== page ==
The traffic between these instances is encrypted and stays on the address backbone even when that traffic is traveling between data centers in the same region. If the resources you have deployed to your VPC need Internet access, we will need to deploy Internet gateways and perhaps NAT gateways. If the resources you've deployed to your VPC need to access your offices, we might use site-site VPNs or Direct Connects. Deploying all of our resources in a single VPC simplifies communication, but there are plenty of reasons why you might need to deploy resources to multiple VPCs. Reasons like isolation.
Resources might need to be isolated from each other. Using multiple VPCs for this, either VPC is in the same or different regions is ideal because by default communication isn't enabled between VPCs. Multi-region deployments. VPCs are regional, so if you need to deploy resources such as EC2 instances to multiple regions, then you will need multiple VPCs. If you need resources in each VPC to be able to communicate each other regardless of whether the VPC is in the same region or not, you will need to implement either VPC peering, transit gateway, or customer-managed site-to-site VPNs.
Of these, customer-managed site-to-site VPNs are the least desirable as they route traffic between the VPCs through the Internet. Whereas VPC peering and transit gateways keep all the traffic on the AWS backbone. One advantage of customer-managed site-to-site VPNs is that you can control the protocols that your connection uses for authentication, integrity checks, and encryption. When using VPC peering, you have no control of security protocols use to secure traffic. When using transit gateways, you must use IPSec.
It is desirable to keep as much traffic as possible on AWS's networks. When connecting multiple VPCs, VPC peering and transit gateway keep traffic on the AWS backbone. When traffic is traveling between your VPCs and AWS services such as S3 and DynamoDB, you can use the public endpoints of these services. But to keep your traffic on the AWS backbone and away from public networks, we can use VPC endpoints. Most organizations will use a mixture of these technologies for inter and intraregional communications, but to understand which technologies are correct for you, you will need to understand each technology in a bit more detail.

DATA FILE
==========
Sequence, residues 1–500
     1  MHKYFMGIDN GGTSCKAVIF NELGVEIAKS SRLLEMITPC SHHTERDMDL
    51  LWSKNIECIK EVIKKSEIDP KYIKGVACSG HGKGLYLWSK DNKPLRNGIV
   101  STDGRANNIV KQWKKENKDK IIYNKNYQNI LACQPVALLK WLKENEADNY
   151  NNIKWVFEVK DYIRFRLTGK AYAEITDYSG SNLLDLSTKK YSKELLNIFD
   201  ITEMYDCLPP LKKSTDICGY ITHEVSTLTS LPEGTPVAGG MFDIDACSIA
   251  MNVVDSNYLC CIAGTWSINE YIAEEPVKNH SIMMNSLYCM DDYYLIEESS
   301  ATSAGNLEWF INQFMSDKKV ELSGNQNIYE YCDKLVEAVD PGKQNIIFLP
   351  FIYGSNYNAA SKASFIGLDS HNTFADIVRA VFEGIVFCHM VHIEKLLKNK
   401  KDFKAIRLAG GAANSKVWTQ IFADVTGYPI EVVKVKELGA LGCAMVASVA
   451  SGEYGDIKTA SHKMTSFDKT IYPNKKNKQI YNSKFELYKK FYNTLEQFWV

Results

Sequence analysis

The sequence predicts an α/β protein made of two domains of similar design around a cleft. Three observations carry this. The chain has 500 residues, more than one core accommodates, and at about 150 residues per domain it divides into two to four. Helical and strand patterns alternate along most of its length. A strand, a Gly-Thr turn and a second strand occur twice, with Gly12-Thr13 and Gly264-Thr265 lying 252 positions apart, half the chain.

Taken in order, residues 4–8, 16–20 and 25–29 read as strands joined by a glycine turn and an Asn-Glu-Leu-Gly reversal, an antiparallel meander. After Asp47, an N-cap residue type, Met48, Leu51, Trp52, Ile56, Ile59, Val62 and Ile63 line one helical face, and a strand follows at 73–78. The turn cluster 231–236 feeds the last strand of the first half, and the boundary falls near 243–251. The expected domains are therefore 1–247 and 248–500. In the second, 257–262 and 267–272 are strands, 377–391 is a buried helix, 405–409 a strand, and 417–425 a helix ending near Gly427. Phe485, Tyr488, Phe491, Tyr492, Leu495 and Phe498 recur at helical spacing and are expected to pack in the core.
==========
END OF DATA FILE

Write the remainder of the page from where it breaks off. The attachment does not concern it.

Stuart has been working within the IT industry for two decades covering a huge range of topic areas and technologies, from data center and network infrastructure design, to cloud architecture and implementation.
To date, Stuart has created 150+ courses relating to Cloud reaching over 180,000 students, mostly within the AWS category and with a heavy focus on security and compliance.
Stuart is a member of the AWS Community Builders Program for his contributions towards AWS.
He is AWS certified and accredited in addition to being a published author covering topics across the AWS landscape.
In January 2016 Stuart was awarded ‘Expert of the Year Award 2015’ from Experts Exchange for his knowledge share within cloud services to the community.
Stuart enjoys writing about cloud technologies and you will find many of his articles within our blog pages.